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Afghanistan earthquake: Rescuers dig by hand for survivors amid confusion over Taliban aid appeal | World News

An earthquake survivor has told of his loss of 26 family members as rescuers resort to digging by hand in villages rased to the ground in eastern Afghanistan.

It comes amid confusion over an official request for aid. While the Taliban government says it has asked for international assistance, the US says it has not received any official communication.

The European Union was quick to offer help, allocating €1m in humanitarian funding, and warned “an estimated 270,000 people living in the affected areas will require emergency assistance”.

India’s prime minister Narendra Modi expressed his condolences on Twitter and offered humanitarian aid. Other countries including Pakistan, South Korea and Japan have also pledged support.

Afghanistan earthquake map

Sardar ahmed Shakib, the Taliban’s ambassador in Islamabad in neighbouring Pakistan, told Sky News: “The current situation is more critical than ever before, and we expect more from the international community.”

He added: “This is a human rights crisis and those who criticise the Islamic Emirate of Afghanistan are human rights violations themselves.”

The rescue efforts of the country’s hard-line Islamist leadership faces a major test having been cut off from much international assistance since its seizure of power last summer. There have already been poor responses to aid appeals despite drought and a collapse of the economy.

At least 1,000 people have been killed and more than 1,500 injured after a 6.1 magnitude earthquake on Wednesday struck a rural, mountainous region and flattened stone and mud-brick homes.

The majority of the fatalities have been in the province of Paktika, where the district of Gayan, close to the epicentre of the 6.1 magnitude quake, suffered significant damage to buildings.

A Taliban helicopter takes off after bringing aid to the site of an earthquake in Gayan, Afghanistan, June 23, 2022. REUTERS/Ali Khara
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A Taliban helicopter takes off after bringing aid to Gayan in Paktika province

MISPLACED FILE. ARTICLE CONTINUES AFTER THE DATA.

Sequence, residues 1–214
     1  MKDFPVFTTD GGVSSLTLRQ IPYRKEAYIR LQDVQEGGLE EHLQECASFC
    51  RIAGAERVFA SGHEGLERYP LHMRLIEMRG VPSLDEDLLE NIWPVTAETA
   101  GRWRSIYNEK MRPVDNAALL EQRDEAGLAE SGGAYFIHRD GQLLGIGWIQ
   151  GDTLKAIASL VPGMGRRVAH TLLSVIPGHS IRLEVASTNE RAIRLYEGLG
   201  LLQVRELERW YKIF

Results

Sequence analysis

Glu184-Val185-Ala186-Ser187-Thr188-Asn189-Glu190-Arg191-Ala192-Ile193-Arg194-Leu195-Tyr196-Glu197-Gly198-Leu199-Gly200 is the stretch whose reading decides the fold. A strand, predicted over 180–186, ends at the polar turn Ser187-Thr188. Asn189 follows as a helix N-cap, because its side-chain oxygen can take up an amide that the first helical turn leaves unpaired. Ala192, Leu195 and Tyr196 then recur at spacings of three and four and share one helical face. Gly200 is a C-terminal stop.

Afghans dig a trench for a common grave for their relatives killed in an earthquake to a buria site l in Gayan village, in Paktika province, Afghanistan, Thursday, June 23, 2022. A powerful earthquake struck a rugged, mountainous region of eastern Afghanistan early Wednesday, flattening stone and mud-brick homes in the country's deadliest quake in two decades, the state-run news agency reported. (AP Photo/Ebrahim Nooroozi)
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Afghans dig a trench to bury relatives in Paktika province

As rescue teams and villagers resumed the search for survivors by digging through rubble with their hands on Thursday, Mohammad Amin Huzaifa, head of the information and culture department in Paktika, said: “People are digging grave after grave.”

One man receiving treatment in Paktika Provincial Hospital said he had lost dozens of relatives including his own children.

“I was in my home and the quake happened at 1.30am local time. Everything fell on us and I didn’t know at the time what was happening,” said Gulak.

“I have lost 26 of my family members, including cousins and close relatives… even my own children were killed.”

Amir Gul said he had lost seven family members and a further six had been injured.

“It was very strong earthquake… all the homes are destroyed and ruined. Paktika province is a big province but there is no food, no tents and no other facilities here.

“The people are under open sky now. We are asking for help… a lot of people are injured,” he added.

The disaster comes amid an economic and humanitarian crisis in Afghanistan since the Taliban took control in August 2021 and the withdrawal of US-led international forces after two decades of war.

Its already fragile economy, heavily dependent on aid, has been crippled by Western sanctions on its banking sector and cuts in aid.


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